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Retaining transit vehicle operators is especially important for ensuring cost-effectiveness because it reduces the costs of training new drivers and because experienced drivers improve efficiency and safety. Of course, retaining managers and other employees of transit systems is equally important, but vehicle operators generally interact most with passengers and affect their experience of the transit system.
One of the most reliable ways to retain employees is to ensure that you recruit and hire people who are a good fit for the position and organization. Agencies should craft job descriptions that adequately inform applicants of the organization’s expectations and work to hire people who can make a long-term commitment. Other reports recommend offering competitive benefits to ensure long-term commitment, but in fiscally restrained times, this has become more difficult. Schedule flexibility may also be an attractive element of transit jobs that can help in recruiting and retaining employees.<ref>Anderson, L. et. al. (2010). “Guidebook for Recruiting, Developing, and Retaining Transit Managers for Fixed-Route Bus and Paratransit Systems.” Transit Cooperative Research Program. </ref>
- This guidebook from the Transit Cooperative Research Program examines the importance of recruiting and retaining transit managers. It also highlights methods of recruiting and training transit managers. The guidebook also includes ideas for rewarding high performing managers and developing a positive organizational culture. The appendix highlights 20 case studies conducted to establish effective practices for attracting and retaining transit managers. Most of the lessons learned are applicable across different-sized systems, but they are specifically geared toward smaller agencies.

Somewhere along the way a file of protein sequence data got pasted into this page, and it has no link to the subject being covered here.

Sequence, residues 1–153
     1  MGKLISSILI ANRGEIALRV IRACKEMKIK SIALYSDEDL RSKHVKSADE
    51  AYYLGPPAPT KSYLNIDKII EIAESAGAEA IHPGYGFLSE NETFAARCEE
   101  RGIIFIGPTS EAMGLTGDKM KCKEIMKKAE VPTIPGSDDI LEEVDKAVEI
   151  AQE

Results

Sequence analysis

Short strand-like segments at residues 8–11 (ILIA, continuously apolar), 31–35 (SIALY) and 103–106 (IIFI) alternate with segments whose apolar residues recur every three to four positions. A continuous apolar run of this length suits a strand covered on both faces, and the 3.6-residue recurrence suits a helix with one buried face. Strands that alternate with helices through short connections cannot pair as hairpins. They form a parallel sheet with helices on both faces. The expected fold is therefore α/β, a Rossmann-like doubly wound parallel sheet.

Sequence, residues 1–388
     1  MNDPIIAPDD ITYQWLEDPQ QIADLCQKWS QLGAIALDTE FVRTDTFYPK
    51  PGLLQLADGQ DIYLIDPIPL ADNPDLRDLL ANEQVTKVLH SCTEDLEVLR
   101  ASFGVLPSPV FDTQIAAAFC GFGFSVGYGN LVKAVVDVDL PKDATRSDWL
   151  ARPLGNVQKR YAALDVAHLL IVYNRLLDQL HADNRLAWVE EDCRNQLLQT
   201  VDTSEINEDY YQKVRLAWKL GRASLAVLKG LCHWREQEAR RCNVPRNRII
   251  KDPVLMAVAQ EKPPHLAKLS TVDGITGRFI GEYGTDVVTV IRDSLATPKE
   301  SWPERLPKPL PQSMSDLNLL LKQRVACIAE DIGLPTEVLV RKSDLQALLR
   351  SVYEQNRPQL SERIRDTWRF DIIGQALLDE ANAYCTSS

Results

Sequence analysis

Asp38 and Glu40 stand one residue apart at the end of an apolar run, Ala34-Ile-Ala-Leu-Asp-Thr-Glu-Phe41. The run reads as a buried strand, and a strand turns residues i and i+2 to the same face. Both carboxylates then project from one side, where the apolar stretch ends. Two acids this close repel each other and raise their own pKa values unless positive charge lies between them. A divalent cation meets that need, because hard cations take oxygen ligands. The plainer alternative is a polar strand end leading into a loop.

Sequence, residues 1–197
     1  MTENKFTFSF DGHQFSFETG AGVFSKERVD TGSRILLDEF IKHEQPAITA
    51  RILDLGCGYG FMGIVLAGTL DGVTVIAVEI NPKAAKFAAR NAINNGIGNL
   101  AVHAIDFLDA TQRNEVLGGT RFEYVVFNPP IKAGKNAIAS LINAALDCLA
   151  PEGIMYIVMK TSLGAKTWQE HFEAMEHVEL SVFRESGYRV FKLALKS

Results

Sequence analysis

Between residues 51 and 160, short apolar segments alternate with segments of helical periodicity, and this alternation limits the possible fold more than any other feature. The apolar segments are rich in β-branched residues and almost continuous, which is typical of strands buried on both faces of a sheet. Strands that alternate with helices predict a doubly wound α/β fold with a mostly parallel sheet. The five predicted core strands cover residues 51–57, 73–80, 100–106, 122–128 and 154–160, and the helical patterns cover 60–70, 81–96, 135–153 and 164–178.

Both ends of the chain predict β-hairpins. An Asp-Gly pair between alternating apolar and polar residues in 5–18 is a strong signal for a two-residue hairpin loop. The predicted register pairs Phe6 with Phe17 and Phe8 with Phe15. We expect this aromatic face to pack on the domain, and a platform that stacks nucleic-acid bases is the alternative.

- This report, sponsored by the Federal Transit Administration, specifically focuses on retention of employees involved in provision of paratransit services because this part of the industry experiences very high rates of turnover. Because ADA complementary service is different from typical fixed-route service in the demands placed on drivers, this TCRP Report offers necessary insight into strategies for retaining those drivers. In ADA complementary service, drivers must navigate complicated shared-ride routes and assist passengers with a wide variety of needs. Retaining these employees is especially important for ensuring ADA compliance and efficiency. This report uses the results of a national survey and findings from a focus group to inform its recommendations. Case studies from California include a private paratransit operator in Los Angeles and public transit systems in San Mateo, San Diego, and Orange County.